AZ Arboretums

Prosopis glandulosa v. glandulosa

Texas honey mesquite

Common: Texas honey mesquite
Family: Leguminosae (Fabaceae)
Origin: Native throughout southwestern United States as well as Kansas, Oklahoma, Texas, and into Mexico
Temperature:  Hardy to 0 degrees
Light: Full or reflected sun to part shade
Soil: Most soils with good drainage and some depth
Water: Drought tolerate when established. Develops into larger tree with thorough soaking of root zone every month or two during warm seasons.

Spiny deciduous tree that grows at moderate rate from 15 to 50 feet. Wide crown to 30 feet. Bright green shiny leaves, fine textured. Branches often droop near the tips. In spring, drooping tassels of creamy white flowers appear, followed by seed pods 3 to 9 inches in length.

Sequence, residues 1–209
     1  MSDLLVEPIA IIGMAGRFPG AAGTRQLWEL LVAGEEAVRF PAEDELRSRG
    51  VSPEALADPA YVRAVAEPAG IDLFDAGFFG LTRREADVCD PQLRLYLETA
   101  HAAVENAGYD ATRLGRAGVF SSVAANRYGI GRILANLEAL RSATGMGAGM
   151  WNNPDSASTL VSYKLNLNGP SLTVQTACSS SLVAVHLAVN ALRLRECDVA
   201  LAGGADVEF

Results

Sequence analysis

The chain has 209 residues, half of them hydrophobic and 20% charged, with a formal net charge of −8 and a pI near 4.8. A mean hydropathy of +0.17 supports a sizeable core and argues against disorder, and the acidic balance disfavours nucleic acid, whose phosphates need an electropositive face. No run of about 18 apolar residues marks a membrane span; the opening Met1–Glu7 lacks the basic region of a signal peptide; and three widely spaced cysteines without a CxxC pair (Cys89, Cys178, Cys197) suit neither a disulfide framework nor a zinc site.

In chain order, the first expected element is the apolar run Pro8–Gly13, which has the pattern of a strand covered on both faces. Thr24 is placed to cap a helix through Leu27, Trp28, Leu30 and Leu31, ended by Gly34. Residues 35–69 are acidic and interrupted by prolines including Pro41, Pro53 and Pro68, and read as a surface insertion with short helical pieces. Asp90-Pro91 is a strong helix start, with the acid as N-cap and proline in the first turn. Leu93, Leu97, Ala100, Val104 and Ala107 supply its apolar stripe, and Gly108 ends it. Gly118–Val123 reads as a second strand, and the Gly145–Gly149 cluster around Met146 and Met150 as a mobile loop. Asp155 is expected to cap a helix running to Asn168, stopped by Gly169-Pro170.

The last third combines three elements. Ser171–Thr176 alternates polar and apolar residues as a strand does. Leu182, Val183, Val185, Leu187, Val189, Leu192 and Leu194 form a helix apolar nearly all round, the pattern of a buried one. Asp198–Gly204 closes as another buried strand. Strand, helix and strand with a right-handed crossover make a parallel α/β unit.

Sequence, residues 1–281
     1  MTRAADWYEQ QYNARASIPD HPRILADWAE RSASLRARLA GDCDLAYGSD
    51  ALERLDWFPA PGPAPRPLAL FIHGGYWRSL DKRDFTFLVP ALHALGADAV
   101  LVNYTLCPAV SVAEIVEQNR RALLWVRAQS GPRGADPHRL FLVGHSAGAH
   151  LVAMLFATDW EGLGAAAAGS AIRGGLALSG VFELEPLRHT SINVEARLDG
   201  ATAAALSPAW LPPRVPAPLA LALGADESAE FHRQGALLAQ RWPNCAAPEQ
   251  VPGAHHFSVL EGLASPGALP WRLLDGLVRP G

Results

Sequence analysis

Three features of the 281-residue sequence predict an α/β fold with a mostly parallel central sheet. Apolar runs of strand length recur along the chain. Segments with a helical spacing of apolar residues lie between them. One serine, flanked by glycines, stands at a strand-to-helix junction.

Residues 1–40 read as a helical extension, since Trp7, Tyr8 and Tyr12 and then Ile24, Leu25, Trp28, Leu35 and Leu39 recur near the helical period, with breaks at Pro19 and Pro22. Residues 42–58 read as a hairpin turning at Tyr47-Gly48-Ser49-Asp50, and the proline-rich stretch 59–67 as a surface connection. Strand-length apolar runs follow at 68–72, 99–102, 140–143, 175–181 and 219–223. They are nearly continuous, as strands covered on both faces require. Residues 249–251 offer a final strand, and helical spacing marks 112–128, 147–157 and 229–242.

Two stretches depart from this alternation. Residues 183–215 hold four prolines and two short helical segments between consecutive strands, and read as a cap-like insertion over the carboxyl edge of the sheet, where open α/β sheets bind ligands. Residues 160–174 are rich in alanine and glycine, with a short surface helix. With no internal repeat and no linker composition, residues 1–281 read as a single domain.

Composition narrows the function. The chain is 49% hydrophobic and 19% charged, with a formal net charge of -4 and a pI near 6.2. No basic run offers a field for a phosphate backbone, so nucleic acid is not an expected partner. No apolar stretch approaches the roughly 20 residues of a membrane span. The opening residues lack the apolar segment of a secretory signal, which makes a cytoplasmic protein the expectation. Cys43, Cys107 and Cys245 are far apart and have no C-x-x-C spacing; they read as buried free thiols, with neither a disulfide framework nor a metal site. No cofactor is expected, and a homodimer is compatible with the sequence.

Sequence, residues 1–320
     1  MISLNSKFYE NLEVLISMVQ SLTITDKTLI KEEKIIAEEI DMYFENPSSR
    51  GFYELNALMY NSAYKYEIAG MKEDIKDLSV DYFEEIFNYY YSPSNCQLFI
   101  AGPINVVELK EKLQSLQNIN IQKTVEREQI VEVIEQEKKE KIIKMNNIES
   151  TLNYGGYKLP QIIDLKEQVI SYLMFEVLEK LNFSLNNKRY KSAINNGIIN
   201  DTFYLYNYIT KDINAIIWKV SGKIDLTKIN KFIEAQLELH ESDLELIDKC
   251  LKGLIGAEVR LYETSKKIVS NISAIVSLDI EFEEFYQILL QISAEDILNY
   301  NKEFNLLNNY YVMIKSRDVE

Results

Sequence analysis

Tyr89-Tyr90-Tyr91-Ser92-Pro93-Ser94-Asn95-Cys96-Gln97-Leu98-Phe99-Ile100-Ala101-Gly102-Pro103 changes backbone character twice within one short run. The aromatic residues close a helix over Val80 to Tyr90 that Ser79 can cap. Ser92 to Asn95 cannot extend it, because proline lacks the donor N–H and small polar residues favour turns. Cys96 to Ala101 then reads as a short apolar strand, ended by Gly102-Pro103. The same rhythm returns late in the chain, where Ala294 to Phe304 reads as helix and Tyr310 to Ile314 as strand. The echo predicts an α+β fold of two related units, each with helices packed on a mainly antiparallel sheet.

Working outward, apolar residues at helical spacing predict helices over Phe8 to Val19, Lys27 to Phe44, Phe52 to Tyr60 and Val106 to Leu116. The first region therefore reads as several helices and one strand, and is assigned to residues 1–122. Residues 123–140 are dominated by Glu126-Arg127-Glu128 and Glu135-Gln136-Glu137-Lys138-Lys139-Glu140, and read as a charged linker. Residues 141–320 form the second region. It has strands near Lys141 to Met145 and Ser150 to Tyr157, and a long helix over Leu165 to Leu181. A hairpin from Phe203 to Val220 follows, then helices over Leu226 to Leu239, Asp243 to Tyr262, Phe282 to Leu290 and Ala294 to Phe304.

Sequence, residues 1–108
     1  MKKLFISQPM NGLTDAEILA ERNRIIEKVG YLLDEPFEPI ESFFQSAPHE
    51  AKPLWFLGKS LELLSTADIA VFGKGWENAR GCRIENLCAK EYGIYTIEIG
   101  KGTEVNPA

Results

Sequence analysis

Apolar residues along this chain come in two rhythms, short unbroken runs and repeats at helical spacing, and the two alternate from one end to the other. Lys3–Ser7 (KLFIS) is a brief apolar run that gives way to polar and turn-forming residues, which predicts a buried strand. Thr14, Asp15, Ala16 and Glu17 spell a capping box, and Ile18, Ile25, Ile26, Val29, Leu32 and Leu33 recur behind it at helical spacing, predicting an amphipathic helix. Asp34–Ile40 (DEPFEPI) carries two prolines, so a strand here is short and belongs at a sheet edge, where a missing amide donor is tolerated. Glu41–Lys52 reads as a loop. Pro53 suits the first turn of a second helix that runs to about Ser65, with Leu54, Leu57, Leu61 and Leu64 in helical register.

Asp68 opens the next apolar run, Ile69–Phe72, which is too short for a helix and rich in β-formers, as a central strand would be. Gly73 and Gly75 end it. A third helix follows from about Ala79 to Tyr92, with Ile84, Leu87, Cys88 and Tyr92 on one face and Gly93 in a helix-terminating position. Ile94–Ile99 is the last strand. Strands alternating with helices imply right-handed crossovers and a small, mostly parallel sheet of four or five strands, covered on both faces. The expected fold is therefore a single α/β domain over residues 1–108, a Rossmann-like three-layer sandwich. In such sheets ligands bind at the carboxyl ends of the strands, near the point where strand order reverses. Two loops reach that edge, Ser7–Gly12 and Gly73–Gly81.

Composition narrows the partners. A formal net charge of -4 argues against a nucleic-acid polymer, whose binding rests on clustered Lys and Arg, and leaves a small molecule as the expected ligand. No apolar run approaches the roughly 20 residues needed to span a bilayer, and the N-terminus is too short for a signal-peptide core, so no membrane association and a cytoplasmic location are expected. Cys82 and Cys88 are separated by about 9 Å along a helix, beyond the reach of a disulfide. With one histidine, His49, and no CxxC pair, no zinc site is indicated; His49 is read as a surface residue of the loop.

The Texas Honey Mesquite attracts a variety of wild life. As a dense multi-branched shrub or small tree, the underbrush provides refuge for small desert mammals. Rabbits will chew up the seed pods that fall to the ground by the end of summer, and birds seek out the seeds